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Healing after divorce takes time. Here are some things to consider "letting go."

Have you ever experienced a time in your life when something or someone was holding up your own progress or success? Perhaps, after realizing this, you decided it was best to end a friendship or to part with whatever it was that was causing you to lose focus on your ultimate goals. People who are going through divorce may be able to relate to these issues.

People experience a wide range of emotions when taking steps to end a marriage. You might be angry about certain incidents or about obstacles that your spouse has caused to delay your settlement. You may also feel sad, worried or lonely as you prepare to begin living as a single person again. Here are some things to consider that could be helpful for your emotional recovery.

Don't harbor animosity in child support cases

One of the biggest adjustments for adults who are going through a divorce is learning how to handle the finances. This is especially true when you are going from a two-income household to a single-income home. The challenge is exacerbated when there are children in the picture. You have to make sure that they have what they need. Child support might help you do this.

In many cases, the child support matter is one that causes issues. The paying parent might resent having to pay the recipient. This can harbor great feelings of animosity, but it really shouldn't. Parents who are ordered to pay child support should remember that their ex isn't the one who is getting the money. Instead, that parent is only accepting money on behalf of the children. We realize this can be hard to remember, but it might make the parent who pays the support feel much better about the situation.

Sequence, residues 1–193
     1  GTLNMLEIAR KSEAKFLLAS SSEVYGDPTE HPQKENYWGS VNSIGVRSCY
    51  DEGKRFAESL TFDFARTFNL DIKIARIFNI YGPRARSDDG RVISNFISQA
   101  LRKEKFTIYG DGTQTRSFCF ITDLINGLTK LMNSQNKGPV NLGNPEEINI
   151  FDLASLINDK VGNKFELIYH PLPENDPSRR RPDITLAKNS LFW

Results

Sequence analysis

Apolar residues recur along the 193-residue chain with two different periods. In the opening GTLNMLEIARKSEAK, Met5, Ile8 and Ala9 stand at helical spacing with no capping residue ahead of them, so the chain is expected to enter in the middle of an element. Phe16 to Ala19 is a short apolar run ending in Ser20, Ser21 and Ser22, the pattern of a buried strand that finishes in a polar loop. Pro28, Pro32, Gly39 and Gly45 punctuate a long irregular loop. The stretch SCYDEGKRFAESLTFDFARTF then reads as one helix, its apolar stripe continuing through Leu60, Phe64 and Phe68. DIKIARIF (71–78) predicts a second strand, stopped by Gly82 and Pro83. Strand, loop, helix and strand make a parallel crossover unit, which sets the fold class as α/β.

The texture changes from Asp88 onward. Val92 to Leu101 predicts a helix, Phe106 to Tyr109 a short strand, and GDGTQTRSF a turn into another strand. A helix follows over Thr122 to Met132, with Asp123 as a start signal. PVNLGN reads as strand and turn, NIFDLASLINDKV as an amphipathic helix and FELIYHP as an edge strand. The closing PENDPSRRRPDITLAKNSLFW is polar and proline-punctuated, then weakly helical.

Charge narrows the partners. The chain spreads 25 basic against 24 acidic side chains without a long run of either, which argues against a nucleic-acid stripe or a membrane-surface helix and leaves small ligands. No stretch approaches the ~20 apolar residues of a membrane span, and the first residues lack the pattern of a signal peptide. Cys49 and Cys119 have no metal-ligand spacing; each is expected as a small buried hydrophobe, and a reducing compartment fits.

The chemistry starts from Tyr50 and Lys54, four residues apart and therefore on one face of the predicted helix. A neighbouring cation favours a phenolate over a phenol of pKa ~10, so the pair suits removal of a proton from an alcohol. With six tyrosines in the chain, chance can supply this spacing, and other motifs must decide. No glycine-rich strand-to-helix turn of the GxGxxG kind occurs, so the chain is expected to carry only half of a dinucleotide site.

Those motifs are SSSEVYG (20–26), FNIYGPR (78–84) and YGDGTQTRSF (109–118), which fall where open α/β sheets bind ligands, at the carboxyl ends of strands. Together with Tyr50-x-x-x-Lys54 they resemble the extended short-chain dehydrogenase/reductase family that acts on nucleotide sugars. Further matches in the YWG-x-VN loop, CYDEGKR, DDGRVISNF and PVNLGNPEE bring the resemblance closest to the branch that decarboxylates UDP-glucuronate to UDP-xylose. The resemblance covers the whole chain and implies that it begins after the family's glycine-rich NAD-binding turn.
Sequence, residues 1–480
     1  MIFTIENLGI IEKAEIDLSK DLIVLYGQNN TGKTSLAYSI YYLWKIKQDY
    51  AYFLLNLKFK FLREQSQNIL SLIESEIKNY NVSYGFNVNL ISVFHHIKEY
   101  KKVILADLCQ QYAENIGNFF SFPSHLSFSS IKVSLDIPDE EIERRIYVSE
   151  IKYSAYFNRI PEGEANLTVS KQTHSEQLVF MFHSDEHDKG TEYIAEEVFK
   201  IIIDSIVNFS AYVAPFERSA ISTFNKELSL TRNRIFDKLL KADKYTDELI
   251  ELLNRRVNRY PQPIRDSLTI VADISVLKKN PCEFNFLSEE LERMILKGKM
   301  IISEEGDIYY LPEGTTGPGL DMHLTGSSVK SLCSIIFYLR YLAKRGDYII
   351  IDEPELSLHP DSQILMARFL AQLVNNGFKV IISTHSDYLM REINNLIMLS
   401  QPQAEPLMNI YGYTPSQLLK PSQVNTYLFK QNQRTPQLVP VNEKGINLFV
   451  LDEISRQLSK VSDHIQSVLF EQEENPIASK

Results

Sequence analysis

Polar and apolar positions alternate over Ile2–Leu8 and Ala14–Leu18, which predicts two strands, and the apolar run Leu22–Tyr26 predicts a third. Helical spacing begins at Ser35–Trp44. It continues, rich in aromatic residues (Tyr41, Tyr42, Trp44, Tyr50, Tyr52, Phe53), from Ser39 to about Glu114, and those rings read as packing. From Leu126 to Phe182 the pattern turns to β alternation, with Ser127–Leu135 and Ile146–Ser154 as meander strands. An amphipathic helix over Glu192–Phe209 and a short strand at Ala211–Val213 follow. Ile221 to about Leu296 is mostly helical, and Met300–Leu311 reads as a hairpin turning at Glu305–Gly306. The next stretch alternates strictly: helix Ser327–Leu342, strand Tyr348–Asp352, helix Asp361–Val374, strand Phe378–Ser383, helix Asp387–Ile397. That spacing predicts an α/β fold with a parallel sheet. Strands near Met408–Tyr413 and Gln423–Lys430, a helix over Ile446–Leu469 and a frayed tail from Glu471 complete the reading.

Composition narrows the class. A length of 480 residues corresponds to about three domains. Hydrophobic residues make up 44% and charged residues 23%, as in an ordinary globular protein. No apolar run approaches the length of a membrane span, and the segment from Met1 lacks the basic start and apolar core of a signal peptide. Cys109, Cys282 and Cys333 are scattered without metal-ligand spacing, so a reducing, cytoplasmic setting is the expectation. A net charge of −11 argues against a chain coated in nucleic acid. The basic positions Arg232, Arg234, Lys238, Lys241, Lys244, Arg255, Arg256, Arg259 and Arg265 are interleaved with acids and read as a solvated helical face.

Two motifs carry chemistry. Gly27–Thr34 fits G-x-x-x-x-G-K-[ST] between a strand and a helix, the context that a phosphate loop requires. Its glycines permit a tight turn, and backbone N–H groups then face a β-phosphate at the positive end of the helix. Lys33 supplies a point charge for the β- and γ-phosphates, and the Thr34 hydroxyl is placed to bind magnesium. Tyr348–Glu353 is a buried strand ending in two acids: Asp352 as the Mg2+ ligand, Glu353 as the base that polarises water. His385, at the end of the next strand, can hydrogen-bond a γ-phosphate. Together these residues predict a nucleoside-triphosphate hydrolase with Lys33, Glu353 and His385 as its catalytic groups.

Are you up against a divorce bully?

Your spouse has never really acted aggressively toward you before, but that all changed when you filed for divorce. Now your spouse has been bullying you and trying to take control of the divorce, twisting the process to their own advantage.

You may be facing a divorce bully, and the split actually brings out these tendencies. They attempt to intimidate you and get what they want out of the divorce. You need to know exactly how to deal with it.

Plan for the first holiday season after your divorce

With the winter holidays coming up fast, some newly single parents might find themselves nervous about what's to come. The first holiday season after divorce is usually filled with a wide of emotions. Knowing what to expect and making a plan for things that are occurring might help you to feel more in control and better able to cope.

You will likely need two plans — one for when the kids are with you and one for when you are alone. Giving both equal thought can help you to balance what you have planned for the season.

3 questions that help determine if a prenup is valid

While many prenups will stand in court, do not assume that yours has to just because you both signed it. The judge has a lot of power in a case like this, and there are reasons he or she can declare the agreement to be invalid.

To determine if this is the case, the judge may start by asking three very important questions:

Custody schedules usually change when a child is a teenager

When your children are young, you were able to make all the decisions about them. Once you have teens, things get a bit more complex. Teens typically have their own schedules. They are learning how to become productive adults and have to be given the freedom to make some of their decisions on their own. This is complicated a bit when you have a child custody agreement in place.